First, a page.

• Industry: Investment banking
  • Region: Europe

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Abstract:
Costly Train Journey (A) tells the story of an MBA student who on graduation started an investment banking job in the City. He was successful in his first few years but commuting into London he continued to dodge the train fare until he was caught by ticket inspectors. He was asked to pay £43,000 in avoided fares or face prosecution. Costly Train Journey (B) reveals that the (A) case is based loosely on the experience of Jonathan Burrows a Managing Director at Blackrock Asset Management. Investigated by the Financial Conduct Authority, Burrows was judged to have failed its "fit and proper" test and banned from working in financial services.

Pedagogical Objectives:
1) To examine the conduct expected of investment bankers and other business professionals, on and off the job. 2) To consider the appropriateness of punishment for misconduct in a non-work context. 3) To explore business ethics more generally, including arguments for and against ethical relativism.

Keywords:
Personal Misconduct, Financial Conduct Authority, Investment Banking, Business Ethics, Ethical Relativism, Sanctions for Misconduct, Train Fare Dodger, Fit and Proper Test, Corporate Governance, Auditing, Risk Control and Performance

Related:

published: 26 Mar 2015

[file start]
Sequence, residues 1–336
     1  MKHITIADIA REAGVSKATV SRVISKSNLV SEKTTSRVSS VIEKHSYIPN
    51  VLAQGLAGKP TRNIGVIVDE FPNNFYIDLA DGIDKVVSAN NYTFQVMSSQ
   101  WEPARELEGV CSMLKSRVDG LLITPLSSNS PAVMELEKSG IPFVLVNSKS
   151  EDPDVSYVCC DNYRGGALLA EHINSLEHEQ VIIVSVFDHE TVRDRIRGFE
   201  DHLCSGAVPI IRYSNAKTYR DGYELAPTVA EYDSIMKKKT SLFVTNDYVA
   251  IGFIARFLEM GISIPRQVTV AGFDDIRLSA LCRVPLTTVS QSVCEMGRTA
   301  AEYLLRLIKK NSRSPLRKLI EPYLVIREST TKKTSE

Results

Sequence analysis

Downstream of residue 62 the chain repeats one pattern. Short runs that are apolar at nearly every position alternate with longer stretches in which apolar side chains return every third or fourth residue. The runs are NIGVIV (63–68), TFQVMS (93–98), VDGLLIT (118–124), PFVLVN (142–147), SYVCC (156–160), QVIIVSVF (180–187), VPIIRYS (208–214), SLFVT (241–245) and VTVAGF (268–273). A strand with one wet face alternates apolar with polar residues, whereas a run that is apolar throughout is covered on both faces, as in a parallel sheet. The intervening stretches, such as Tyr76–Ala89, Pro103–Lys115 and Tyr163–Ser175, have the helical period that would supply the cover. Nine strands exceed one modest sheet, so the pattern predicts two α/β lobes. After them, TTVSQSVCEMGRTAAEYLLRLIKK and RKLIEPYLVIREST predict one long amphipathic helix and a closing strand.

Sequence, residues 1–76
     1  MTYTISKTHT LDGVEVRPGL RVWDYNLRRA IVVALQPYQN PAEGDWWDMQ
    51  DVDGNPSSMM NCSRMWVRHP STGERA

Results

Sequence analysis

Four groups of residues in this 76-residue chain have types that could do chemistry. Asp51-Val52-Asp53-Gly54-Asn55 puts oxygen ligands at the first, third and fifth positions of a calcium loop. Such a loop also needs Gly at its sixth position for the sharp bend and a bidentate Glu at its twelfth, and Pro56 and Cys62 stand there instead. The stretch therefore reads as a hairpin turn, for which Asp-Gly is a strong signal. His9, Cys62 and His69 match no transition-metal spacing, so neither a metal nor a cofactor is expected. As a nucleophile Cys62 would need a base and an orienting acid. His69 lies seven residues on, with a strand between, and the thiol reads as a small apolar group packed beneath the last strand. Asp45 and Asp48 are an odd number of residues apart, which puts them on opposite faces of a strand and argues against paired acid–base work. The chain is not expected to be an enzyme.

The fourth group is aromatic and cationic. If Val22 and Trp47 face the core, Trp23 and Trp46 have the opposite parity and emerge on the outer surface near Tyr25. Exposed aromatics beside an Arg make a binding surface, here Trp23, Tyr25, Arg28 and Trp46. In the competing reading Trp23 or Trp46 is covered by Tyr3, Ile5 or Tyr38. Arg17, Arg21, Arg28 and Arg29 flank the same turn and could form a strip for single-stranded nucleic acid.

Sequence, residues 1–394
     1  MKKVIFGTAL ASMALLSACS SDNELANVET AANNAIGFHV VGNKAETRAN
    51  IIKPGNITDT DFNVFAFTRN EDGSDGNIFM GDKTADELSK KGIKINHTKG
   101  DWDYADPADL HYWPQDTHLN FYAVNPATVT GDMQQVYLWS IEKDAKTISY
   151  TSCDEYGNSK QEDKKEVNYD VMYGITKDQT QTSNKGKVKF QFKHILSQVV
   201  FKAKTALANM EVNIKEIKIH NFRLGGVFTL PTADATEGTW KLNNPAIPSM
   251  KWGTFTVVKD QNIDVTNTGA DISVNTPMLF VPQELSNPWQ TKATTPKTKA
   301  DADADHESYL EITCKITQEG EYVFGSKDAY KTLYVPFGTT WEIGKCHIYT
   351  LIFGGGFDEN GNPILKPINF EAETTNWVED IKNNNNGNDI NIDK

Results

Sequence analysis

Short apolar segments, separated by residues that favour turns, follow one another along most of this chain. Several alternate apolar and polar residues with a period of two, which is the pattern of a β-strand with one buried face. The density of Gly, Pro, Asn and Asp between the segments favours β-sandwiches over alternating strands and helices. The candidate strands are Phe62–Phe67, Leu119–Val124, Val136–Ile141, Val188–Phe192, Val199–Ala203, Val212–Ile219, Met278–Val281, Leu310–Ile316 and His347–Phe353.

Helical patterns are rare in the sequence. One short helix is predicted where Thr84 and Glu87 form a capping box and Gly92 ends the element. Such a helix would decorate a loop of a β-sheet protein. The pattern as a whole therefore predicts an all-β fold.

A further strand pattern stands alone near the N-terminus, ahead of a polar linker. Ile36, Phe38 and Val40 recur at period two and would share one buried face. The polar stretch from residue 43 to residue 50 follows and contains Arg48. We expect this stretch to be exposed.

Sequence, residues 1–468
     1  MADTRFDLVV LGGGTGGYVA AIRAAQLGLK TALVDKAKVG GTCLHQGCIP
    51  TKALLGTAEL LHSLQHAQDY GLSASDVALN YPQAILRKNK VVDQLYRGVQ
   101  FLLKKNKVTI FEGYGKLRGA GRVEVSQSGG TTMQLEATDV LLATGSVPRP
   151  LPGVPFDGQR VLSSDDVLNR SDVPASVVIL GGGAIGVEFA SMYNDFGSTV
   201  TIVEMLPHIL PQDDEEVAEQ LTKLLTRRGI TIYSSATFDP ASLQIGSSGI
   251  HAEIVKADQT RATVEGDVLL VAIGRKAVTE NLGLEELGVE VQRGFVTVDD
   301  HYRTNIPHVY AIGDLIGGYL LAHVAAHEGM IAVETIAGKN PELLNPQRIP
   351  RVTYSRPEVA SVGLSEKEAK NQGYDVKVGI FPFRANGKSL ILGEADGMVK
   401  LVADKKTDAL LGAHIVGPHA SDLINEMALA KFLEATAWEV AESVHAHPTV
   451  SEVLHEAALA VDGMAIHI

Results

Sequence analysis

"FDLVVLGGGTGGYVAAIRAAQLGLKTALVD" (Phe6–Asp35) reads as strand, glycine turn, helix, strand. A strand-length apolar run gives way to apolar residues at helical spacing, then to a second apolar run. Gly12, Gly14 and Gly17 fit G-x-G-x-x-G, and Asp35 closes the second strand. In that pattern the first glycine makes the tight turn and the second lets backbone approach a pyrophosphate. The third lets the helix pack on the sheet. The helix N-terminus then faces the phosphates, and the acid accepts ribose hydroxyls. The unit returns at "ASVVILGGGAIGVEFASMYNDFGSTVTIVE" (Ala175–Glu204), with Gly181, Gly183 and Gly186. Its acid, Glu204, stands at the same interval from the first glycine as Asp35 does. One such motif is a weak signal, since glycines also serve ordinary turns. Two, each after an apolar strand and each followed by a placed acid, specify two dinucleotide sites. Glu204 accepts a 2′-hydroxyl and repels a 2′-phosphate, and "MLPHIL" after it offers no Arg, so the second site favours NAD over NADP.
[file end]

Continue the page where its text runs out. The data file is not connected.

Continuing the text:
• Topic: Responsibility
  • Industry: Investment banking
  • Region: Europe

Show details ...

Abstract:
Costly Train Journey (A) tells the story of an MBA student who on graduation started an investment banking job in the City. He was successful in his first few years but commuting into London he continued to dodge the train fare until he was caught by ticket inspectors. He was asked to pay £43,000 in avoided fares or face prosecution. Costly Train Journey (B) reveals that the (A) case is based loosely on the experience of Jonathan Burrows a Managing Director at Blackrock Asset Management. Investigated by the Financial Conduct Authority, Burrows was judged to have failed its "fit and proper" test and banned from working in financial services.

Pedagogical Objectives:
1) To examine the conduct expected of investment bankers and other business professionals, on and off the job. 2) To consider the appropriateness of punishment for misconduct in a non-work context. 3) To explore business ethics more generally, including arguments for and against ethical relativism.

Keywords:
Personal Misconduct, Financial Conduct Authority, Investment Banking, Business Ethics, Ethical Relativism, Sanctions for Misconduct, Train Fare Dodger, Fit and Proper Test, Corporate Governance, Auditing, Risk Control and Performance